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"It's likely that in 100 years' time, people will say, 'You mean, the guy who wrote that book about the kid who traded his dad for two goldfish wrote something else as well?'" Gaiman says, insisting Sandman will not be his legacy. "A.A. Milne was a successful novelist, a leading West End playwright, one of the major Punch essayists of the 1920s and '30s, but if you go to Amazon and type in his name, all you will get are 500 different editions of Winnie the Pooh. He's known for two books of children's short stories and two books of children's poems...and that's it. On the one hand, it's kind of sad, but on the other hand, it puts him way ahead of most of the playwrights and authors of the '20s and '30s. Posterity gives, and posterity takes away, and posterity is a very peculiar beast that calls the shots it wants to.
"If, in 100 years' time, I'm remembered for being the guy who wrote the story about the kid who swapped his dad for two goldfish, there are worse posterities to have. And I am very proud of it. I'm a lucky writer. I know too many writers, many of whom sell more books than I do, who consider themselves trapped. It's a very sad and solitary thing to be talking to a writer who says, 'I would love to write Book X or Project Y, but my publisher won't hear of it.' I am in this amazingly enviable position, because I write Neil Gaiman stories, and people know that you will get something entertaining, something you've not read before, and you will probably get something that isn't anything like the last thing. And if you don't like it, that's OK, because you'll probably like the one after that."
And there will be plenty "after that": Gaiman likes to talk not only about American Gods, but of several other forthcoming projects, all due to appear in the middle of next year. In addition to his "brick of a book" and The Wolves in the Walls, Gaiman also will publish Caroline, a horror story for older children he began in 1990. He also expects to begin filming the screen adaptation of Death: The High Cost of Living, which he's halfway through writing. (He will have nothing to do with the on-again-off-again film version of Sandman, which, Gaiman says, is once more alive at Warner Bros.)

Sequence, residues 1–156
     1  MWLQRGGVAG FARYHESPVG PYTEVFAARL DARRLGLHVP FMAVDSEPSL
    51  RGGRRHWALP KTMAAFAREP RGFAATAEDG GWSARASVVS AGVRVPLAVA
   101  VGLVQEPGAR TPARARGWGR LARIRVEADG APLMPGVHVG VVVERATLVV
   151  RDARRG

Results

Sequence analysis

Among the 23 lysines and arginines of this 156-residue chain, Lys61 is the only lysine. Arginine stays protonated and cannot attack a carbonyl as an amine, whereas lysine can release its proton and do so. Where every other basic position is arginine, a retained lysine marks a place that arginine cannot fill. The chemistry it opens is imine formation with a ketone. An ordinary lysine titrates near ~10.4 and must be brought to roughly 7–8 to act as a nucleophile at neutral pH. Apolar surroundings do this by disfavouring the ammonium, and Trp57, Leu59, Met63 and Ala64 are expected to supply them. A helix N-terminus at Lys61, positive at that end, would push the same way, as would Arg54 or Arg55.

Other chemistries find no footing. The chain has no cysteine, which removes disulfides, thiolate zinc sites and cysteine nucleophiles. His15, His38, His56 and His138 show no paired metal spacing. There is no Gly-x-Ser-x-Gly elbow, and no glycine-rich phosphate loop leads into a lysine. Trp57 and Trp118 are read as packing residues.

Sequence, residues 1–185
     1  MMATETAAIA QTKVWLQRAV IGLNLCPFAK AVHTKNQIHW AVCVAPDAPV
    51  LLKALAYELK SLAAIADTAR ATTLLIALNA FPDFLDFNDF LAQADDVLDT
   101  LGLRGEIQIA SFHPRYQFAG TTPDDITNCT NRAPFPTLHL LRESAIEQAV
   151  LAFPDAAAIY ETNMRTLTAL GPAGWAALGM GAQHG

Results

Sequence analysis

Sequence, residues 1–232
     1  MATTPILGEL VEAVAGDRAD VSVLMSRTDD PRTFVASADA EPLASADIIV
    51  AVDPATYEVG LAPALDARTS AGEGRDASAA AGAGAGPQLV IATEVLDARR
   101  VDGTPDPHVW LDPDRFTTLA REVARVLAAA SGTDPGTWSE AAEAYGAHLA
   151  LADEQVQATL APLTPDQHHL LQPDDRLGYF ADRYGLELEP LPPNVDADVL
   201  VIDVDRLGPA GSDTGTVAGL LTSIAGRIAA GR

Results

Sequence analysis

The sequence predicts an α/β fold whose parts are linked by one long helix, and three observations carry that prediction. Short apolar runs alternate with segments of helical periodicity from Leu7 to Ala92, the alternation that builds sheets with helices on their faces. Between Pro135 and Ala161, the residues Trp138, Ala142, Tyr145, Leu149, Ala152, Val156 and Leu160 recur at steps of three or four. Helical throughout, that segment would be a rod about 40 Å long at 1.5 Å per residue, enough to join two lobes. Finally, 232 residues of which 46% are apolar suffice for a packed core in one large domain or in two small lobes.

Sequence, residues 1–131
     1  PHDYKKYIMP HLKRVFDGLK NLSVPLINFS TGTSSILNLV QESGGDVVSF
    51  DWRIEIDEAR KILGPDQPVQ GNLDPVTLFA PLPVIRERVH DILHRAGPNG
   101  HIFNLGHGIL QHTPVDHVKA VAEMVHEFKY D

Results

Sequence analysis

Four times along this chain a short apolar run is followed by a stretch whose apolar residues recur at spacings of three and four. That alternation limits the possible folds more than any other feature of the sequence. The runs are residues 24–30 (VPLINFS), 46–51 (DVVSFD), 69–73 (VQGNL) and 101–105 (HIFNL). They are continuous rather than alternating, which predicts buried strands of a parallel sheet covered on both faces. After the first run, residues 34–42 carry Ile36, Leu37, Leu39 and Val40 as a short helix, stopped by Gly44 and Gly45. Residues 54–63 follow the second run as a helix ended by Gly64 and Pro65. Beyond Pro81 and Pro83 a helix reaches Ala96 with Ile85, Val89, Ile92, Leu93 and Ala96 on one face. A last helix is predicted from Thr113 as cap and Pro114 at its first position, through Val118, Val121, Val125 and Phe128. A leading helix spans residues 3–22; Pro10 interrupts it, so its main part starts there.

He is busy but also very lucky: Gaiman always knew he wanted to be a writer, having spent his childhood buried in the confines of a library filled with leather-bound books written in the early part of the 20th century. When other children his age dreamed of becoming astronauts and firemen, he wanted to be C.S. Lewis and Michael Moorcock. For a while, he thought he would specialize in science fiction. He also used to dream of disappearing into an alternate universe with a copy of J.R.R. Tolkien's The Lord of the Rings, which wouldn't exist in this parallel existence. Gaiman would take credit for Tolkien's work; he would be celebrated as a visionary, without having done any of the heavy lifting.
But somewhere along the way, he was surprised to find he had little interest in creating imaginary lands, discovering instead that there was enough magic in this land. His stories were rooted in "the real world," even if his characters slipped in and out of dreams and dimensions; his gods actually existed.
It's not surprising to discover that Gaiman's favorite short story of his is "Chivalry," written in 1993 and contained in the 1998 collection Smoke and Mirrors. It's a wry and beguiling tale about Mrs. Whitaker, an old English woman who, while perusing a local thrift shop, casually stumbles across the Holy Grail. She takes it home and puts it on the mantel between an old photograph of her late husband and a small china basset hound. She would trade Christ's cup for nothing, even when Sir Galahad shows up at her door, requesting the Grail. They strike up an odd friendship. The knight takes to helping her with chores around the house; she makes him lemonade and cream cheese-and-cucumber sandwiches. To provide the punch line would ruin the magic of the story, which might one day be made into a movie. Just days ago, Miramax Films' co-founder Harvey Weinstein optioned "Chivalry."
"It's a gentle, funny, human story, and one gets to say a bunch of things about growing old and about the nature of time and about people which I couldn't say in any other story," Gaiman says. "I love that. That, to me, is the joy of things. I get to ask questions in using fantasy that I don't think I could ask if I was just writing romantic fiction. You get to ask some of the really big questions and some of the really cool questions. In American Gods, I get to talk about things most of my readers will have seen 100,000 times in ways that will make them look at them for the first time. That, I suppose for me, is the power of fiction. That is where the magic lives."